Once you’ve taken a deep, soul-cleansing breath and realized that there is life after a pink slip, it’s time to look at the next chapter in your life.
Step 2: Get Back on the Pony
If you’ve been fired or laid off, you need to get back on the bucking bronco—unless you can retire from the rodeo altogether. Pick yourself up, dust off your jeans, and put your hat back on. It’s time to take a hard look at your skills, aptitudes, and next steps.
When it comes to interviewing for new jobs, being laid off might be easier to explain than being fired. Corporate downsizing and restructuring can happen when a new CEO comes on board, when a project ends, or when a market takes a sharp downturn. There are other reasons, but these three are pretty common.
Forget the idea that you won’t be downsized if you’re valuable to a company. Consider a corporate merger, for example. If your company melds with another organization and there are too many toddlers in the sandbox, someone may have to go. The decision is out of your hands and could be political or based on tenure — and probably doesn’t have anything to do with your ability to do the job you were hired for. Consider it bad luck or bad timing, but for whatever reason, you’re out.
The Harvard Business Review says, “Getting laid off is perhaps the most professionally traumatic experience you’ll ever have.” This is particularly true if you are at the end of your career, have devoted a decade or more to the role, and are thinking about retirement. This happens far too often, even without the financial realities of a recession to push things along.
While it’s natural to emotionally stumble during this time, the way you move forward will set the tone for the rest of your career. Here are three tips for bouncing back from a layoff:
- Take a break, whether it’s a vacation or just a staycation. The idea is to find perspective by leaving the scene and getting out of your head for long enough to find your center again.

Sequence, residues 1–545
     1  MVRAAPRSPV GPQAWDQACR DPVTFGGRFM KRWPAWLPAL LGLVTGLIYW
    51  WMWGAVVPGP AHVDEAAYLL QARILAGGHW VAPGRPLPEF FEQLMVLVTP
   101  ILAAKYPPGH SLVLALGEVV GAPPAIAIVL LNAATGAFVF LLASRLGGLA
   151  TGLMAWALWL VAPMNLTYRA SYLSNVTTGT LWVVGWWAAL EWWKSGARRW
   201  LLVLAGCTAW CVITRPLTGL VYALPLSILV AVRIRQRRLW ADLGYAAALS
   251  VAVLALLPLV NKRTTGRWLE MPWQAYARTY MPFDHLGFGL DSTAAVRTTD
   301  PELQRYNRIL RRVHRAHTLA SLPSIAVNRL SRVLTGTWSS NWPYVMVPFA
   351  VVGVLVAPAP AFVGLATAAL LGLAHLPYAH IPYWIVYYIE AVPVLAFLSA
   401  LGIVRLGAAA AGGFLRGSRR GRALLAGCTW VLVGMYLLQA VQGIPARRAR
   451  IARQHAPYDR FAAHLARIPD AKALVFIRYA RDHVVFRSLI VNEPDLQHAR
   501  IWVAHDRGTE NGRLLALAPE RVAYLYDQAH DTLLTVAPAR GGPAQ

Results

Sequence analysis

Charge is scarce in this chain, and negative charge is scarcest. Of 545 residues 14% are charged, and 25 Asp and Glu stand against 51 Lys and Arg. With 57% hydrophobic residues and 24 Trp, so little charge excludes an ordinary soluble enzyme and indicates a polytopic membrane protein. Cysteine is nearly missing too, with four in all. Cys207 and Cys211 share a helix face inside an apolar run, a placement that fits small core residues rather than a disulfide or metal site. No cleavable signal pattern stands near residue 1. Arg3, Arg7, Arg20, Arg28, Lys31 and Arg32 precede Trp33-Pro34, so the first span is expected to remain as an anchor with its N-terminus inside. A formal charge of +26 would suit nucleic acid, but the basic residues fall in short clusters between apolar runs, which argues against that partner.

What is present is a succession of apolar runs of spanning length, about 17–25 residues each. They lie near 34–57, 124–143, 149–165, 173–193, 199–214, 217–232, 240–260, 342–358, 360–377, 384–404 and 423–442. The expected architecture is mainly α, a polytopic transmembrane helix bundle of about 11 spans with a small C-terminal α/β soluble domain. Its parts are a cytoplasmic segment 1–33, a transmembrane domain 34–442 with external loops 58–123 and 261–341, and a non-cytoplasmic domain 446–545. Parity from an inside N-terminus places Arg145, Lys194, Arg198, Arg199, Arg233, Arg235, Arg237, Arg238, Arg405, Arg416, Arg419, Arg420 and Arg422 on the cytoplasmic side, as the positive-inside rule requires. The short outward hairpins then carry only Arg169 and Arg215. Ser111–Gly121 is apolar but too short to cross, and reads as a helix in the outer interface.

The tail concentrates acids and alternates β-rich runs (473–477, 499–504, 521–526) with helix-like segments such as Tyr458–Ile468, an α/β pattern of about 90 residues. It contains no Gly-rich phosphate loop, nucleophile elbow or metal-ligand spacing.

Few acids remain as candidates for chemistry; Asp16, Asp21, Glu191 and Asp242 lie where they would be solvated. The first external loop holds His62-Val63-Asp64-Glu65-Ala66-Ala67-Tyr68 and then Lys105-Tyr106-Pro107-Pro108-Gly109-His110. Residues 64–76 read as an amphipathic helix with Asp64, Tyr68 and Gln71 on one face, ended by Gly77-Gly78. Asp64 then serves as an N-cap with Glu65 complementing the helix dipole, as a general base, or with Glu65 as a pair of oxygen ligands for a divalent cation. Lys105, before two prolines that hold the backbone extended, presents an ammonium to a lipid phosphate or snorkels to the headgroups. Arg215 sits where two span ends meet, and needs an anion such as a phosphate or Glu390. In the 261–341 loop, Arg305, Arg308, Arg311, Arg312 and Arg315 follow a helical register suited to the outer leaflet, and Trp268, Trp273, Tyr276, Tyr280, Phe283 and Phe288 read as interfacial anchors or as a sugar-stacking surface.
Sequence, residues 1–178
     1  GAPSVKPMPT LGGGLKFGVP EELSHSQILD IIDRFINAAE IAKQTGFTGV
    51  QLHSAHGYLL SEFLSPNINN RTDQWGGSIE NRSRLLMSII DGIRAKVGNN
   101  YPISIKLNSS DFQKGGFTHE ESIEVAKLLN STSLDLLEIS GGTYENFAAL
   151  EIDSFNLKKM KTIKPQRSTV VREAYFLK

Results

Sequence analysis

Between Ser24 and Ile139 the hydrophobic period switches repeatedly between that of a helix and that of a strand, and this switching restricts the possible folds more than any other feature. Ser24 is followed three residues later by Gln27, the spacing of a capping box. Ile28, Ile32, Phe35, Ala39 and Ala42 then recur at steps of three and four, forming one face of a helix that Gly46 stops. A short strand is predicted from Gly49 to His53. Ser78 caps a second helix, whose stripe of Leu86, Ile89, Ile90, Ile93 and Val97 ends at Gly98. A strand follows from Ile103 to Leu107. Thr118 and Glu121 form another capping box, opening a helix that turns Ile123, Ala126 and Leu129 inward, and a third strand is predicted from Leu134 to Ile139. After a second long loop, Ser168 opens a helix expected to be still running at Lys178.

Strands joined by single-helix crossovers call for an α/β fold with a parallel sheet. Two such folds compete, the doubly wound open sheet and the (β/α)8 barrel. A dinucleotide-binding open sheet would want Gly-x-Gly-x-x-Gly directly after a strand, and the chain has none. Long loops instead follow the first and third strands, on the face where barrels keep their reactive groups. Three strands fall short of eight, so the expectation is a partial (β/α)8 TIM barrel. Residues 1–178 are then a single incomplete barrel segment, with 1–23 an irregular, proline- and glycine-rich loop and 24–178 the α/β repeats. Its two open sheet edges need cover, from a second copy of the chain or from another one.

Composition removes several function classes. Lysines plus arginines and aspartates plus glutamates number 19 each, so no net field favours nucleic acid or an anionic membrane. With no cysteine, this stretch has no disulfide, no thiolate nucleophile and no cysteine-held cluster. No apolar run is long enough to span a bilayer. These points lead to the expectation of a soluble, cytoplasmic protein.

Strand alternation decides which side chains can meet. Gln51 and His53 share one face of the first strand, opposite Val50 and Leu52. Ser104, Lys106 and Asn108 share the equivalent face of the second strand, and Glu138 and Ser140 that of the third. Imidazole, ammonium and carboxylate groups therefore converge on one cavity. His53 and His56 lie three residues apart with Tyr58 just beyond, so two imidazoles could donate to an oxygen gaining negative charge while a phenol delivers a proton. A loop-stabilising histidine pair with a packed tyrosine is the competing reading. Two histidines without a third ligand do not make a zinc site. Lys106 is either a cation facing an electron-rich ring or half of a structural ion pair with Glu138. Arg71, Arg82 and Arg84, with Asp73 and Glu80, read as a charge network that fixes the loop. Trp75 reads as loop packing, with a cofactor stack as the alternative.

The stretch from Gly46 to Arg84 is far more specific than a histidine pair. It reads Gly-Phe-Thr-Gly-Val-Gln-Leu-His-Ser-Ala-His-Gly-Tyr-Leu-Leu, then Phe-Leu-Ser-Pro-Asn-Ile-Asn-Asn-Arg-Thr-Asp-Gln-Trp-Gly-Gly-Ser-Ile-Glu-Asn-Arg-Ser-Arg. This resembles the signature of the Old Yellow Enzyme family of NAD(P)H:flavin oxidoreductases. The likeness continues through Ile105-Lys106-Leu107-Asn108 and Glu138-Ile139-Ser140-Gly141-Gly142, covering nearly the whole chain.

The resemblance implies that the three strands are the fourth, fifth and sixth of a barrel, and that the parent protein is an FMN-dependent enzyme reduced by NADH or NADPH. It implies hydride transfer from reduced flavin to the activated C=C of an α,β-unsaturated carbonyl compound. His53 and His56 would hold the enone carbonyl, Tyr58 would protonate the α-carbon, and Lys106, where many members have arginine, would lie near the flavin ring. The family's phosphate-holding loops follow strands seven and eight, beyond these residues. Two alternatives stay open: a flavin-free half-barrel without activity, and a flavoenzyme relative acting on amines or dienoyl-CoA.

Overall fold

- Assess your finances to determine the realities of your situation. Mapping out the bills and a budget will help you feel more in control. It’s an exercise aimed at reducing your anxiety by starting with the basics of money in and money out. Address any expenditure cuts necessary to lessen your financial burden.
- File for unemployment. You've likely been paying into unemployment for years, take advantage of the system that is there to support you.
- Lean on your support system and don’t carry this burden alone. Talk out those raw emotions and put them behind you. Give yourself the time to get through any anger and resentment you might feel. If you can grapple with the hurt and uncertainty with your friends, peers, and family, and then harness that energy for the job search, you are going to be just fine.
If you’re fired, not laid off, the assumption by you and future employers is that you’ve done something wrong to deserve the termination. How can you shape a job interview conversation if some great big, powerful boss stamps “FIRED” on your resume?
5 Steps to Get Your Next Job
Whether or not you’ve been let go for perceived or even invented performance issues, do not rush back out into the job market until you’ve quashed the bitterness and anger that’s probably oozing out of your pores. When you’re ready, focus instead on the positives that you bring to a company. This is a fresh start, whether you were ready or not. Do these five things to launch your next adventure: